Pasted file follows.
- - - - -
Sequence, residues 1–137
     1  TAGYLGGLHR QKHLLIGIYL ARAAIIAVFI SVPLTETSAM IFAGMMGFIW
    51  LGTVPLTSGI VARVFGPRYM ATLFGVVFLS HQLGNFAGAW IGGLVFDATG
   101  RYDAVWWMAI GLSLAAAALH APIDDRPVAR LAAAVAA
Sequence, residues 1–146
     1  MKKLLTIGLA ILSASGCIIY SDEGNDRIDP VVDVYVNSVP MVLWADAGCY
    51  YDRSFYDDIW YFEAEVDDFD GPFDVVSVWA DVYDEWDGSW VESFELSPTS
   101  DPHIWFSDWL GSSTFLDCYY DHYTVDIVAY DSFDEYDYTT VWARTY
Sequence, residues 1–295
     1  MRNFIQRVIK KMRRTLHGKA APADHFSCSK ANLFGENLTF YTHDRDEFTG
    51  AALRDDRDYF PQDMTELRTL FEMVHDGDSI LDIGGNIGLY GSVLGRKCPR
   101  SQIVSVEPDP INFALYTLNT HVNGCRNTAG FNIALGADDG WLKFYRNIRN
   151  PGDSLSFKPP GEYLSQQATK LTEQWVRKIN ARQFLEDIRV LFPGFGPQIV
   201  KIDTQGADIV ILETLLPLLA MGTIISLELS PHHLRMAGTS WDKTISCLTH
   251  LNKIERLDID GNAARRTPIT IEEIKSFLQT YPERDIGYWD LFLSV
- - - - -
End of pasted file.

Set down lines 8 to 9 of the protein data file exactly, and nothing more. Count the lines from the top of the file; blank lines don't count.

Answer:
   101  DPHIWFSDWL GSSTFLDCYY DHYTVDIVAY DSFDEYDYTT VWARTY
Sequence, residues 1–295